What Are the Boundaries of Criticizing an Oppressed Society?

Send in e-mailSend in e-mail
Send in e-mailSend in e-mail
Palestinian women protest in support of women's rights outside the prime minister's office in the West Bank city of Ramallah on September 2, 2019
Palestinian women protest in support of women's rights outside the prime minister's office in the West Bank city of Ramallah on September 2, 2019Credit: AFP

Is it permissible to criticize a social group that has suffered prolonged oppression and exploitation? Does someone who belongs to the oppressors’ group have a right to participate in such criticism?

These are questions that trouble me every day, as a reporter on the Israeli occupation. These are also two of the vital questions that weren’t asked in the recent storm du jour over the unleashed language of television journalist Yaron London, but they emerge from between the lines of his statements about Arab culture.

The storm has died down, and we’re already being promised a new and chilling series by Ron Cahlili about Israelis’ unvarnished hatred for Arabs. And people are already predicting that it won’t create any fissures in our arrogant attitude. Because Israeli culture has been shaped by decades of rule over another people, by its expulsion and dispossession of that people, and by its need to conceal and justify these deeds and its intent to continue committing and perfecting them.

>> If there’s such a thing as a murderous culture, then it exists in Israel | Opinion

No culture emerges fully formed, all at once, from the bosom of history. Culture is dynamic. It is created, and continues to be created, by the layers, aggregations and intersections of human behavior and creativity, by geography, historical and economic processes, foreign occupations and calamities, forced migrations, the dictates of climate, and liberation struggles both failed and successful.

In other words, if our current culture is boastful, arrogant, racist and hungry for power and land, it isn’t because of our Jewish genes, but because of the circumstances that caused us to be dispossessors and to benefit from the dispossession.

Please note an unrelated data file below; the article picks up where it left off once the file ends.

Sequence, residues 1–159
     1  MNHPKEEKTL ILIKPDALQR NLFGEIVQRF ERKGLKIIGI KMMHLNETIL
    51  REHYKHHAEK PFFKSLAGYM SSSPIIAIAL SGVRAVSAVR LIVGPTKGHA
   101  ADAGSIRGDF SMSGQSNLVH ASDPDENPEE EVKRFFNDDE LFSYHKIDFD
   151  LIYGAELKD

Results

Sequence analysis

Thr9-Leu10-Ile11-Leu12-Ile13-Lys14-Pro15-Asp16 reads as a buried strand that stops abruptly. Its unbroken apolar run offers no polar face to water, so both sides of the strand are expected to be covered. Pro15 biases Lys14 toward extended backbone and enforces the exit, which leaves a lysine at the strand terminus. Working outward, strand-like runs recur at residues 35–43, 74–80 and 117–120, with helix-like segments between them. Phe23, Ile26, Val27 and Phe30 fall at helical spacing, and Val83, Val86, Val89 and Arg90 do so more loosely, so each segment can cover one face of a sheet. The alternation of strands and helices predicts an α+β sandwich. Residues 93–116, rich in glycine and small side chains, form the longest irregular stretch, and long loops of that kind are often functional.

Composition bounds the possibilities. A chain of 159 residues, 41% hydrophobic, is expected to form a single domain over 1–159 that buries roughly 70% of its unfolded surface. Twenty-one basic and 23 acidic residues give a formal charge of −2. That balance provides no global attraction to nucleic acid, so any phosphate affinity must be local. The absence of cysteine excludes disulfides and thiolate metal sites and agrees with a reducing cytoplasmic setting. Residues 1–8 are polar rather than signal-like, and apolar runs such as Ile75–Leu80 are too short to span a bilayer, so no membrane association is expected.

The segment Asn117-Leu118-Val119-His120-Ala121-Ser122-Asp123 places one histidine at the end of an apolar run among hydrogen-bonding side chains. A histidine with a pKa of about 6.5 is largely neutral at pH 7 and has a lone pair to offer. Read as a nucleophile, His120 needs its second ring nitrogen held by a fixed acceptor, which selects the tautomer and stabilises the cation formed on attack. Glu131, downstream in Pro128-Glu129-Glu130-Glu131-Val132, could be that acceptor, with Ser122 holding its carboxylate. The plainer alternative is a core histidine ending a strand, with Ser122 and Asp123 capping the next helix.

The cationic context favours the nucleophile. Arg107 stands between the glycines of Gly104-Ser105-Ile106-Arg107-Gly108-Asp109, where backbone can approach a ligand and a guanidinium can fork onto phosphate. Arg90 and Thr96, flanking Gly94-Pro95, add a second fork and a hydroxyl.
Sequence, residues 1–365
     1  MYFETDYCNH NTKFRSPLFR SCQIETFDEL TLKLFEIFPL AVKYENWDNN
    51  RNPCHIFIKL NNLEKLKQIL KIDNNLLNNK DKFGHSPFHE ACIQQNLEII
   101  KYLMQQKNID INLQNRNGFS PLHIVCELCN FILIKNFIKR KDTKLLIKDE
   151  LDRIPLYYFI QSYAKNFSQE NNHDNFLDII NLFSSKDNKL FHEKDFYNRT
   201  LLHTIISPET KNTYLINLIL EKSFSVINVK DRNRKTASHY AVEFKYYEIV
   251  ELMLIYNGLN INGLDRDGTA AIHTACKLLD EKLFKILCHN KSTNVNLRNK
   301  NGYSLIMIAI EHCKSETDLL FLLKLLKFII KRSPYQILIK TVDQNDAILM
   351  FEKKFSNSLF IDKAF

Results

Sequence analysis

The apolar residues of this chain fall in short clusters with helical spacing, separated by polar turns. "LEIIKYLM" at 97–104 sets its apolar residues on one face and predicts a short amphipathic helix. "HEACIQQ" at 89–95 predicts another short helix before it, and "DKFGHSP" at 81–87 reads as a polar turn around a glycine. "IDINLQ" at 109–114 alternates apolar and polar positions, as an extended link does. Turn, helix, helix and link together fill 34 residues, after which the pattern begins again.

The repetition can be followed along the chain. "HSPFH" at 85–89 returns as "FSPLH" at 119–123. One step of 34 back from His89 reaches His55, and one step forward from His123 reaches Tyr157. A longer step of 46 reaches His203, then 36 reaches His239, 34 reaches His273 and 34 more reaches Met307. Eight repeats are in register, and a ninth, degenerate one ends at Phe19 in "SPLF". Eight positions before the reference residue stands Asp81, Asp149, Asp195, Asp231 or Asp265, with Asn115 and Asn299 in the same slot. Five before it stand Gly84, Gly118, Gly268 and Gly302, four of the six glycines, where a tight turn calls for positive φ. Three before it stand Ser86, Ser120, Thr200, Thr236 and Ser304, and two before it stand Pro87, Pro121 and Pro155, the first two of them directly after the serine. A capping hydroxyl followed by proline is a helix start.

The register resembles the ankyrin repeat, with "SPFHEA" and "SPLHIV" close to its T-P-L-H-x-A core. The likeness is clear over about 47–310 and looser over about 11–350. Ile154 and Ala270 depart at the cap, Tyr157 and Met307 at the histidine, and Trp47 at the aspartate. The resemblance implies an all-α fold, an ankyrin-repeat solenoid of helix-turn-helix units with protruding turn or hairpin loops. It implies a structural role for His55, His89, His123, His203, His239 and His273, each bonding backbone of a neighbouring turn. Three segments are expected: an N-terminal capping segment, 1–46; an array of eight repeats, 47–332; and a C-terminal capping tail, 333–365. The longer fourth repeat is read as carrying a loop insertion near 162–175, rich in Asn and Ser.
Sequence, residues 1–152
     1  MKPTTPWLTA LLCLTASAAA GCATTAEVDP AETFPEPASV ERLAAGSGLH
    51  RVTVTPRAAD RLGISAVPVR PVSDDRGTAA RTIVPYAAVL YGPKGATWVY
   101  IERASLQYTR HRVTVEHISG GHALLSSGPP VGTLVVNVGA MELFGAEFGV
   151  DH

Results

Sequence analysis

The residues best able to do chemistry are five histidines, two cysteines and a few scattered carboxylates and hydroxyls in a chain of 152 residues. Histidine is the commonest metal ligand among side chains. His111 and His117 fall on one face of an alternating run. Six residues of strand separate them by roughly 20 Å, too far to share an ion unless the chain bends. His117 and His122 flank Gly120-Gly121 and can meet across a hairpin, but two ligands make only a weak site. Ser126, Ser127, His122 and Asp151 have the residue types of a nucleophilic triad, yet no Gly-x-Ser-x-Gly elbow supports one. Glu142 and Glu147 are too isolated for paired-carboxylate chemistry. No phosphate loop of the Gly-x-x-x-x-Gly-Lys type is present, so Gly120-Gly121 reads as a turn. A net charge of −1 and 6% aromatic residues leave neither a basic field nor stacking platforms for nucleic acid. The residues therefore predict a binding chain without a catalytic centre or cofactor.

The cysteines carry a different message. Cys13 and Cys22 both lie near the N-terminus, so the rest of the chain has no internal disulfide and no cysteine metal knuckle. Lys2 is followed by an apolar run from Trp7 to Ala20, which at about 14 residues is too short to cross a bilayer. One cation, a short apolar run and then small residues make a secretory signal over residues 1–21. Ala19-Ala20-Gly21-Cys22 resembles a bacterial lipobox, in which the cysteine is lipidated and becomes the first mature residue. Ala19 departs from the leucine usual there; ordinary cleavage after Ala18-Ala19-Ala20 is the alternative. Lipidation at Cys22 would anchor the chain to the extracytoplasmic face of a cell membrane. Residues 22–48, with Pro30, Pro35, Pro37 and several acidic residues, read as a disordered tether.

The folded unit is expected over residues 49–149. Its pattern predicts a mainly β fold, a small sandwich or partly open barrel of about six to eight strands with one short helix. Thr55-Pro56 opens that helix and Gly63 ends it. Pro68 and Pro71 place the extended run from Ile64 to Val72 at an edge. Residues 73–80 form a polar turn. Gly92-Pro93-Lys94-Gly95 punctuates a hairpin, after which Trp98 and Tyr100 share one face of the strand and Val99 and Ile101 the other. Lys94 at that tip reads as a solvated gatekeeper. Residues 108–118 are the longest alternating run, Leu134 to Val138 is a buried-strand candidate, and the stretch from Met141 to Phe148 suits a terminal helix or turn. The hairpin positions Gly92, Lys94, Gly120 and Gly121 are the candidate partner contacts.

Racism and sexism aren’t the causes of sickening inequality; they are means of preserving and cultivating excess privilege accumulated by social, gender and national groups over the course of thousands, hundreds and dozens of years. At some point, racism and sexism take on a life and personality of their own. They formulate laws, guide religious and national courts and shape religious, military and scientific thinking. They become so natural that we no longer even see them.

But on the flip side, the groups that were dispossessed and oppressed and that suffered from racism for hundreds of years aren’t devoid of flaws. And indeed, we Israelis adore reports about corruption in the Palestinian Authority, the murder of women, brawls between Arab clans, reckless driving, the sanctification of guns (here the oppressed is imitating the oppressor), trash thrown into public spaces, corruption in Hamas, persecution of members of the LGBTQ community and ignorant nonsense published in the Palestinian media.

Israel’s position of superiority allows us to scrutinize every detail of our subjects’ lives with a magnifying glass, to depict it as positive or negative as we see fit, while ignoring the inevitable context of oppression and dispossession.

But must every negative phenomenon be connected solely to the many years of subservience and the ongoing trauma of dispossession that has continued since 1948? When is violence among the Palestinians a product of anger generated by our occupation and abuse of them, and when is it fed by the patriarchy, which sees women and children as property, or by property disputes between clans? When does Palestinian leaders’ indifference toward their people stem from the fact that they are embarrassingly held hostage by Israel and its Shin Bet, and when is it the natural indifference of leaders who, because they are leaders, want to preserve their status?

These are questions that the Palestinians think about all the time, though less in the media and more in private conversations.

Is it possible to generate positive change and stop the processes of social disintegration when Palestinians live under the constant threat of being expelled or killed, and when we’re waging an economic and psychological war of attrition against them? Even though the chances are slim, there are Palestinian groups and organizations on both sides of the Green Line that continue to believe this is possible and strive to make it happen.

What’s clear is that most Israelis, who think it’s our right to dispossess and are blind to the militaristic culture of expulsion we have developed, have no right to criticize the Palestinians. Criticism coming from them is just another drone strike by the neighborhood thug.

Click the alert icon to follow topics: